A former principal in Florida asked teachers to do math assignments for his son, pressured teachers to change students’ grades and charged students $1 just to go to pep rallies, a school district investigation has uncovered.
On top of it all, George Lockhart, former principal of Lake Worth High School, also suspended students without reporting the suspensions to the district and submitted incorrect fundraising reports that hid the fact that students were being charged to attend events during regular school hours, the Palm Beast Post reports.
By the time the investigation came to an end earlier this year, Schools Superintendent Robert Avossa concluded that Lockhart had “misused [his] position and authority” and “compromised the integrity of the district.”
Despite the details that the investigation brought to light, Lockhart was not fired.
Avossa had, according to the report, initially moved to fire the principal, but the superintendent later backtracked and allowed Lockhart to remain on staff, reassigned to a management position at the school district’s charter school office and taking a pay cut of about $21,000.
“Mr. Lockhart made some real mistakes in decision-making and lapses of judgment with his leadership on campus,” Avossa said. “But I always have to take the totality of the matter and press the bad decisions against a 27-year run where he was contributing in a very positive way.”
Lockhart’s attorney acknowledged Avossa’s approach to the case, calling it “very fair” and insisting that Lockhart had no malicious intent.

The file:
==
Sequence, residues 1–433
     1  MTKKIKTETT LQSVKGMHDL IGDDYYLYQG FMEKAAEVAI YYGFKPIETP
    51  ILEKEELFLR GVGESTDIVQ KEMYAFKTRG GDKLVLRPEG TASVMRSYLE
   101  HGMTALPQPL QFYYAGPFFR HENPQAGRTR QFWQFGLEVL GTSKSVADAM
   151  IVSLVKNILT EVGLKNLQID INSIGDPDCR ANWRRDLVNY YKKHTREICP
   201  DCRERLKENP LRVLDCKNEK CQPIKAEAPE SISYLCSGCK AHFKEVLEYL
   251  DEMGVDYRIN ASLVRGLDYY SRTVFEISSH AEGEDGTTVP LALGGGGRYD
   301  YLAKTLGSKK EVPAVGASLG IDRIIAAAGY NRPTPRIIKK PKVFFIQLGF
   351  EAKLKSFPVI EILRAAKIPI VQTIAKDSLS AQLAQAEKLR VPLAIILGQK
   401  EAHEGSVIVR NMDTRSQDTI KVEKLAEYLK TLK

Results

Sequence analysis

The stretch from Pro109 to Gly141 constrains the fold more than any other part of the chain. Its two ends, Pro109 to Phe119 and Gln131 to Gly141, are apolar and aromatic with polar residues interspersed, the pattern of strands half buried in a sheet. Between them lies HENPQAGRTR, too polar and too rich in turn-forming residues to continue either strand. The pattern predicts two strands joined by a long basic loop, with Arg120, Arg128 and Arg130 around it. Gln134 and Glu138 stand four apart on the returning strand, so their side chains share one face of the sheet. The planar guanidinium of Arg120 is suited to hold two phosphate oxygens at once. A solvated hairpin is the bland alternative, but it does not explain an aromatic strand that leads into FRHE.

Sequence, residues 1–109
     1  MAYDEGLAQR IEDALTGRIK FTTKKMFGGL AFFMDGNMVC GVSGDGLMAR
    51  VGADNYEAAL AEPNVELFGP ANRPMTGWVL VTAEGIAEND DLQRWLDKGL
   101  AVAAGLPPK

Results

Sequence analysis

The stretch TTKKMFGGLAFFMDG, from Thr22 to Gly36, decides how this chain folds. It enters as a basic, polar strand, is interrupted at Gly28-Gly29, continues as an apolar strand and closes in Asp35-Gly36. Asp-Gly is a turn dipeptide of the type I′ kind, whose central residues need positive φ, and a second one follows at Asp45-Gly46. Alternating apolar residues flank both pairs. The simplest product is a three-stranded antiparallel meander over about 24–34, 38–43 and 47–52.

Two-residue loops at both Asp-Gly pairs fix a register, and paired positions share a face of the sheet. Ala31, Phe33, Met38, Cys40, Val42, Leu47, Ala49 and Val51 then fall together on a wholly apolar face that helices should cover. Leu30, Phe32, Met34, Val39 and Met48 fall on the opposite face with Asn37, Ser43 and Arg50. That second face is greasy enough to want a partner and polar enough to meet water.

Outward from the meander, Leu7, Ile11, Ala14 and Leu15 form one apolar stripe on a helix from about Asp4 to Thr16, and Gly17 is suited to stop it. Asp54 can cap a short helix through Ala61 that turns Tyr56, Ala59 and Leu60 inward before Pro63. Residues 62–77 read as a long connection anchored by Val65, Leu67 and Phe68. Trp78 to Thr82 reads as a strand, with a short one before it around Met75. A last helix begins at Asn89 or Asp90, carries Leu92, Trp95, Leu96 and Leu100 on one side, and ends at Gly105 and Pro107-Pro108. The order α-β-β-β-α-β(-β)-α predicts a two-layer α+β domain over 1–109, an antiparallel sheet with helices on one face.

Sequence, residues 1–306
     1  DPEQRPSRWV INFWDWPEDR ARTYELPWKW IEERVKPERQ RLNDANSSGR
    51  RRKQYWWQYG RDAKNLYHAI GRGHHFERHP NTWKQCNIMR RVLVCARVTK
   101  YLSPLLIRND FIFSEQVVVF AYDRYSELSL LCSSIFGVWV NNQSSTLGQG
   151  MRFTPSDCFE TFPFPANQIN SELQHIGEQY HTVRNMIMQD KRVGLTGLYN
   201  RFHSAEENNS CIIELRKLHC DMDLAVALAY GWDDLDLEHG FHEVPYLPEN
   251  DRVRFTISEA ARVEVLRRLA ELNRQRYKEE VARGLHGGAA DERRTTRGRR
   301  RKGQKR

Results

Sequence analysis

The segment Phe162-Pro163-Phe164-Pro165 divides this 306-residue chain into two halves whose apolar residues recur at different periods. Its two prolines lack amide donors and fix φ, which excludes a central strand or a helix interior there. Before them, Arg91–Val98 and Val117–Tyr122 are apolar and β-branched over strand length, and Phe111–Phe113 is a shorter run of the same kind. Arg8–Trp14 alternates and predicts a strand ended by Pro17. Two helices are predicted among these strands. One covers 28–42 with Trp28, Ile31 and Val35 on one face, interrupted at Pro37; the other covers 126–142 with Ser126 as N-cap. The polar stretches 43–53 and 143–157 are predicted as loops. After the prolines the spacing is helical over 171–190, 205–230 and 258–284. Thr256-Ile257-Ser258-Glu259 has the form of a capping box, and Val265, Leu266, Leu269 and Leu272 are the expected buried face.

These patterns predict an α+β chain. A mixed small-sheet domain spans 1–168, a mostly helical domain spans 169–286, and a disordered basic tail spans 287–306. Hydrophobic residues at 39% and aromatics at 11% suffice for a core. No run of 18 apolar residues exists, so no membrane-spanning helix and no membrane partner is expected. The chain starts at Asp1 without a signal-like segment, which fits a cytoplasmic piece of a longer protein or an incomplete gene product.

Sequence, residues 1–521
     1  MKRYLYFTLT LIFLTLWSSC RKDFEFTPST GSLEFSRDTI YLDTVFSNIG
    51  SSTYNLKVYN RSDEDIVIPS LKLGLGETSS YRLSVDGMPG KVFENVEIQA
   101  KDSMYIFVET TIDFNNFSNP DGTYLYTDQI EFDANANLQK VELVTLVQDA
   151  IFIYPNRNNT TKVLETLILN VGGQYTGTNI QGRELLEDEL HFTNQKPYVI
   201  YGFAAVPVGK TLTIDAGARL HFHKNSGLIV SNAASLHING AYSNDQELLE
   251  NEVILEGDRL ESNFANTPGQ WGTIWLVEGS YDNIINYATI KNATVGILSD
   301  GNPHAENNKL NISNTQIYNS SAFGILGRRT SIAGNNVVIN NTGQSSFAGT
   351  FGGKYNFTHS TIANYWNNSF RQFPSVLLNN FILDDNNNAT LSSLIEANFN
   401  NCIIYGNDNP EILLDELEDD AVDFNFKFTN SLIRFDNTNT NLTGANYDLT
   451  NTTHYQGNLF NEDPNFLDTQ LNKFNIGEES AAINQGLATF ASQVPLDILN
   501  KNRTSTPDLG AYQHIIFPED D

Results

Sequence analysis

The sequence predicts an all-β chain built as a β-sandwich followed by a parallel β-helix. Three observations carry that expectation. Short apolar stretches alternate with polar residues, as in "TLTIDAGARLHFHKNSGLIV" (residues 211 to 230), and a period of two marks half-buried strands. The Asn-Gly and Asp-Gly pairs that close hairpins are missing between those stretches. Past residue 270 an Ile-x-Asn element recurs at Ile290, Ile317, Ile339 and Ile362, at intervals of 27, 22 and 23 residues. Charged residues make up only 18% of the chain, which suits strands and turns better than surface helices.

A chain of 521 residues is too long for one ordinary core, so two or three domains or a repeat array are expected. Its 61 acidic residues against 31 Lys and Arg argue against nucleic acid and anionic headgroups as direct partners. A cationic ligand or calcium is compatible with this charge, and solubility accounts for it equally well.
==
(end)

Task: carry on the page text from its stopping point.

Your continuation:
The investigation into Lockhart’s behavior began in December after an assistant principal, Terence Hart, became upset over how Lockhart had disciplined a student that got into an altercation with the assistant principal.
Lockhart and Hart were both removed from campus in December, with the school grappling with unrest for month afterward. Lockhart’s attorney Fred Schwartz told investigators that there was a “division” between staff who were loyal to Lockhart and those who were loyal to Hart, a division that played out in the investigation.
The investigation later revealed that Lockhart had asked three teachers at his school to complete math assignments for his son, who was a middle school student at the time and taking an online algebra course during the 2014-2015 school year. Lockhart claimed that he asked the teachers to do the assignments so that he would have a better idea of how to tutor his son, but that story fell apart when the investigation showed that in some cases, the completed assignments were submitted online within minutes of a teacher’s emailing them to Lockhart, according to the report.
“When I completed the assignment I would email them to Dr. Lockhart via district email,” math teacher Richard Gomersall told investigators. “I have known Dr. Lockhart for a very long time so, out of respect, I didn’t want to tell him no. I wish I was never put into this situation.”
Investigators also found that Lockhart created “an intimidating environment” at the school where teachers “experienced consistent pressure regarding their grading practices.”
Several teachers told investigators that they were called into Lockhart’s office at various points during the school year to ask why certain students had received low grades. In some cases, Lockhart questioned them over students receiving D’s and F’s, and in other cases, he wondered why a straight-A student would get a sole B in a particular teacher’s class.
“He handed me, along with other teachers present in his office, particular students’ grades and requested grade changes,” science teacher Gary Habib told investigators.
And then, of course, there is directly going against school rules, which prohibit charging admission to events that take place during school hours.
Investigators were unable to confirm Hart’s complaint that Lockhart often gave violent or misbehaving students off-the-record suspsensions in order to keep the school’s disciplinary numbers down, but did find proof in which the discipline records were inaccurate.
Hart was ultimately reassigned to a position at Turning Points Academy, which is an alternative school for at-risk students.
Read more at the Palm Beach Post.